Omicron is causing consternation around the world, with the variant causing an exponential increase in Covid cases in South Africa. Still, with only 42 cases confirmed in the UK so far, and most European countries seeing numbers in the double rather than the triple, could this be a tentative sign that the variant may not be successful? to set up outside southern Africa? Ultimately, it is too early to tell.
One of the problems is that there are important differences which make it difficult to compare situations in South Africa and beyond.
Professor Rowland Kao, an epidemiologist at the University of Edinburgh and a member of the Spi-M modeling group, noted that different variants of Covid are circulating in South Africa and the country uses different vaccines than those used in Britain .
Besides the Pfizer / BioNTech vaccine, he used the Janssen vaccine – not yet used in the UK – and suspended the use of the Oxford / AstraZeneca vaccine. Kao said some differences could help Britain, such as the longer interval between vaccine doses.
“The fact that we had an early deployment of vaccines and then many people infected [with Covid] can also be useful in broadening the spectrum of the immune response, and this can again mean that we have more protection than [South Africa], ” he said.
With Covid already ‘hot’ in the UK and some European countries, it is difficult to detect the first signs of Omicron’s impact. Before the new variant was detected, cases of Covid in South Africa were very low, meaning its impact became clear at an early stage.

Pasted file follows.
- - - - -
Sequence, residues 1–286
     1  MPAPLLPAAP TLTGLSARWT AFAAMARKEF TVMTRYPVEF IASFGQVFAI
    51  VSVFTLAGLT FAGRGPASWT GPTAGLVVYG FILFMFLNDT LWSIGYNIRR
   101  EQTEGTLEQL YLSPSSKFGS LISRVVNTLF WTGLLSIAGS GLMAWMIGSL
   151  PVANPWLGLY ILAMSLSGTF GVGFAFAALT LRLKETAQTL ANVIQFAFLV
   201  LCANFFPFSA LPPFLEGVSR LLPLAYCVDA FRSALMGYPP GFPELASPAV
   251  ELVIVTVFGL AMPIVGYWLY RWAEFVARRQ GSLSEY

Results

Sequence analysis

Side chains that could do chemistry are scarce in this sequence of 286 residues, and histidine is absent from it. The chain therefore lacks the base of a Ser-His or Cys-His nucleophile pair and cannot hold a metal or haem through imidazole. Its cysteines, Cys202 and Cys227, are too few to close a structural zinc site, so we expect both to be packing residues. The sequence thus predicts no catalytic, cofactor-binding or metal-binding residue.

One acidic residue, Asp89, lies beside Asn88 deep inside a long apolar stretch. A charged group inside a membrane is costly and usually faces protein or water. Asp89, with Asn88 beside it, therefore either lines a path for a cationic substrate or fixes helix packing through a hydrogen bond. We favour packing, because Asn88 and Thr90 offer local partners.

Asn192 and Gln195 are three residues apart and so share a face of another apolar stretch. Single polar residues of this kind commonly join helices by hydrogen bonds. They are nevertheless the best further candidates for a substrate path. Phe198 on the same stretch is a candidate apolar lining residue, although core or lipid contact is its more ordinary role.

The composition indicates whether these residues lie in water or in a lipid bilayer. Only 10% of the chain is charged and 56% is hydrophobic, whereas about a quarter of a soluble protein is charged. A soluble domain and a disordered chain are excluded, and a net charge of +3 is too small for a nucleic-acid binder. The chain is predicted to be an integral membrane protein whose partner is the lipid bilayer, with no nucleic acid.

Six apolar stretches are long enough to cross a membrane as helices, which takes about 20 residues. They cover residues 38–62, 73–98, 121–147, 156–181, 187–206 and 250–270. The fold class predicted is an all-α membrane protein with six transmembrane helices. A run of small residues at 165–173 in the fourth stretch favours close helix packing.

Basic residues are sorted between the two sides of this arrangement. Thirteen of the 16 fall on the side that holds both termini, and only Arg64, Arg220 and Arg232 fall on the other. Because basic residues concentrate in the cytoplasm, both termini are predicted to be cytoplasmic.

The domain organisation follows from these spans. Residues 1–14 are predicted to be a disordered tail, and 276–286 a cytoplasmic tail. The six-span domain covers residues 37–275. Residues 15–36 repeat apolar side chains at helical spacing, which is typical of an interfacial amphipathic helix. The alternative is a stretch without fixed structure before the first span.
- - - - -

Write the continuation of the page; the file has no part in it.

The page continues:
Dr Michelle Groome, of the South African National Institute of Communicable Diseases (NICD), said new cases of Covid had risen from a weekly average of around 300 a day to 1,000 last week, and more recently at 3,500.
In contrast, the UK has seen a large number of cases per day – 53,945 on Thursday alone – with numbers fluctuating by several thousand from day to day. If Omicron leads to an increase in cases, it may take longer for cases to emerge from this data alone.
However, case numbers are not the only source available to scientists. One approach that experts are using to investigate Omicron’s presence in the UK is to look at test results for the coronavirus S gene in samples positive for Covid.
Omicron has a mutation which means it is negative on such tests, as it was for the Alpha variant, but not Delta, which means the test can give a quick – although inconclusive – indication of the presence from Omicron.
In a Twitter threadProfessor Nick Davies of the London School of Hygiene & Tropical Medicine noted that in the five days leading up to November 28, there had been an increase in S gene target failure in community testing data in England from about 0.1% to about 0.3%.
Davies said about half of PCR tests in the community are processed by labs that use such a test, although the Guardian understands there may be some prioritization of cases in areas where Omicron has already been found. .
While Davies found the results only amounted to about 60 more samples that tested negative for the S gene than would otherwise have been expected, he said the excess was likely due to the Omicron cases and suggested that the numbers would likely increase.
However, it is not yet known whether these cases are due to imported infections or related to transmission within the community. “English scientists will therefore be closely monitoring this data flow over the next few days and weeks to understand what is going on,” Davies wrote.
Others have also pointed out that the situation in the UK is still in its early stages, but there is cause for concern. “There has been at least one large-scale event in Scotland – indicating potential for rapid spread,” Kao said, adding that the S gene test results are part of the evidence suggesting the UK is starting. also to see signs of an exponential increase.
Kao said, “There is good reason to believe that this is already spreading at a good pace. But what we don’t know yet is whether or not this will continue, and also whether it will lead to a more sustained increase in hospitalizations and deaths. ”